Create an Eloquent Model, which communicates to your database table. Models allow you to interact with a table either by insert or query.

We create our model faster by using the artisan command:

php artisan make:model User

In the model, you can set your conventions and so on.

Creating a user works like this:


namespace App\Http\Controllers;

use App\Http\Controllers\Controller;
use App\Models\User;
use Illuminate\Http\Request;

class UserController extends Controller
     * Create a new user instance.
     * @param  Request  $request
     * @return Response
    public function store(Request $request)
        // Validate the request...

        $user = new User;

        $user->name = $request->name;

        $user->username = $request->username;

        $user->email = $request->email;

        $user->password = $request->password;


One beautiful thing is its API to manage relationships:

return $this->hasOne('App\Models\Phone', 'foreign_key');

Adonis comes with the Lucid ORM, which also uses the active record pattern. It comes with date format management, lifecycle Hooks for things like password hashing, data serialization, getters/setters for data transformation, and more.

Creating a model is almost the same as Eloquent ORM. Conventions also come in handy, if needed:

adonis make:model User
'use strict'

const Model = use('Model')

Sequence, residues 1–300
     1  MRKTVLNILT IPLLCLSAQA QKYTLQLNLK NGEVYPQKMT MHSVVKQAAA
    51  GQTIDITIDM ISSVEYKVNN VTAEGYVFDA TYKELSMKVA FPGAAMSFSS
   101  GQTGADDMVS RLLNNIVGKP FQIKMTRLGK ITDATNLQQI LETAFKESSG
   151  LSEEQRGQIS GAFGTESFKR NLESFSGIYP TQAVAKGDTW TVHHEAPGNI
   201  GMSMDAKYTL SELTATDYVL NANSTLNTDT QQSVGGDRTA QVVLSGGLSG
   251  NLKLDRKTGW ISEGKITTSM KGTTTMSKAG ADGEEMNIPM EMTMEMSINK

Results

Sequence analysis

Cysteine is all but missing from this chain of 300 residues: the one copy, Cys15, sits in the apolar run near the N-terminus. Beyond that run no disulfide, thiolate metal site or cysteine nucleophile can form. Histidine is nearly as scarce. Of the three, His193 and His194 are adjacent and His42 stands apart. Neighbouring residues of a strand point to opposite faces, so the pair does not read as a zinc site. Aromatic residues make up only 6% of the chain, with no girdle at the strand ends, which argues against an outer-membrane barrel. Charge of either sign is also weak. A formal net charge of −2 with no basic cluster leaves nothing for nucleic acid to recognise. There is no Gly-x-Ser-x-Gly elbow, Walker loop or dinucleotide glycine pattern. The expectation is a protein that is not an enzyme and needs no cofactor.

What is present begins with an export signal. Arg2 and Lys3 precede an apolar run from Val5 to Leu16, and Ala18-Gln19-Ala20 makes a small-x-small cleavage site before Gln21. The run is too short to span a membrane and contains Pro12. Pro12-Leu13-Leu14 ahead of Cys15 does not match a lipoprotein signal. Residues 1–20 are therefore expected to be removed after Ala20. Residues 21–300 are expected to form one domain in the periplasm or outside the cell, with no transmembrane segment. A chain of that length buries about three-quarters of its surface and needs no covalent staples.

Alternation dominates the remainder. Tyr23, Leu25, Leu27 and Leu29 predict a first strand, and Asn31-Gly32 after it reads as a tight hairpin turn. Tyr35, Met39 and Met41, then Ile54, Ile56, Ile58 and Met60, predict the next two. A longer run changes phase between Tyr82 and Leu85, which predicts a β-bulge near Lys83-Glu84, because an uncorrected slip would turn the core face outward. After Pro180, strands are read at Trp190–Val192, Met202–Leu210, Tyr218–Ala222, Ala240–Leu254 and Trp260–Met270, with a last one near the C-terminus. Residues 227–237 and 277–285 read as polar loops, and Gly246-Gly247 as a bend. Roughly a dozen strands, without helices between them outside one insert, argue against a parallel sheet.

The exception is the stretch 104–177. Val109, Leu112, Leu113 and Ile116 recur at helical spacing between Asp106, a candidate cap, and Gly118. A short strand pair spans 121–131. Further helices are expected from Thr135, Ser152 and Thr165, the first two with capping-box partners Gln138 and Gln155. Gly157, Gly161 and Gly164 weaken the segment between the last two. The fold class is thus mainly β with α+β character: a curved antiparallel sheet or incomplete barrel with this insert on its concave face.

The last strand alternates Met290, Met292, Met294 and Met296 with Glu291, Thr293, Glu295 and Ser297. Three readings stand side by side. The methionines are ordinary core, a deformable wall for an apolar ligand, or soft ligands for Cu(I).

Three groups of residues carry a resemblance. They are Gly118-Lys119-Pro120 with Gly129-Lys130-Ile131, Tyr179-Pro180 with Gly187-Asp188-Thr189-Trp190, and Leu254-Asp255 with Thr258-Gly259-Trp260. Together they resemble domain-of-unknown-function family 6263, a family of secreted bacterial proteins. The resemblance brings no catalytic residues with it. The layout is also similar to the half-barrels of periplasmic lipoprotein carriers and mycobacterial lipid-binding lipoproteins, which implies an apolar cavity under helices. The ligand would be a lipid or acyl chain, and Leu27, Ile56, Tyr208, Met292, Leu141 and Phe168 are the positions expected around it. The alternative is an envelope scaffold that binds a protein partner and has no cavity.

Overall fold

class User extends Model {

module.exports = User

Creating a user is no different from Eloquent ORM:

const User = use('App/Models/User')

const user = new User()

user.username = 'virk'
user.password = 'some-password'


It also has an expressive API to manage relationships.

hasOne(relatedModel, primaryKey, foreignKey)


Like Laravel, Adonis accepts a basic route file as URL and a Closure, which is a pretty simple way of defining a route:

Route.get('posts/:id', ({ params }) => {
  return `Hello  ${}`

The other most-used way to enable routing is by plugging your Controllers into your endpoints in a route file. The route file is under your start folder, unlike Laravel, which is stored in the root folder of the project.


Route::get('/user', [UserController::class, 'index']);


Route.get('users', 'UserController.index').as('users.index')

Both frameworks also group endpoints and assign HTTP verbs associated to the endpoint.


Route::prefix('admin')->group(function () {
    Route::get('users', function () {
        // Matches The "/admin/users" URL

AdonisJs => {
  Route.get('users', closure)   // GET /api/v1/users'users', closure)  // POST /api/v1/users


Currently, Laravel supports 4 databases: MySQL, PostgreSQL, SQLite and SQL Server. All configurations for your database are located at config/database.php. Database connections are defined in this file, including what should be the default.

Migrations, which are like version control, are supported in Laravel. This convention allows the writing of data model changes.

Just like Laravel, AdonisJs supports migrations and seeding. Seeding helps to test your tables with data.

AdonisJs supports six databases, which are MySQL, PostgreSQL, MariaDB, SQLite3, MSSQL, and Oracle.

More great articles from LogRocket:


AdonisJs and Laravel come out of the box with their own CLI. This allows developers to run commands for specific tasks, from running migrations, generating controllers, models, and seeding databases to creating your own commands.

Laravel’s command tool is called Artisan, while the AdonisJs command tool is Ace.

IOC and service provider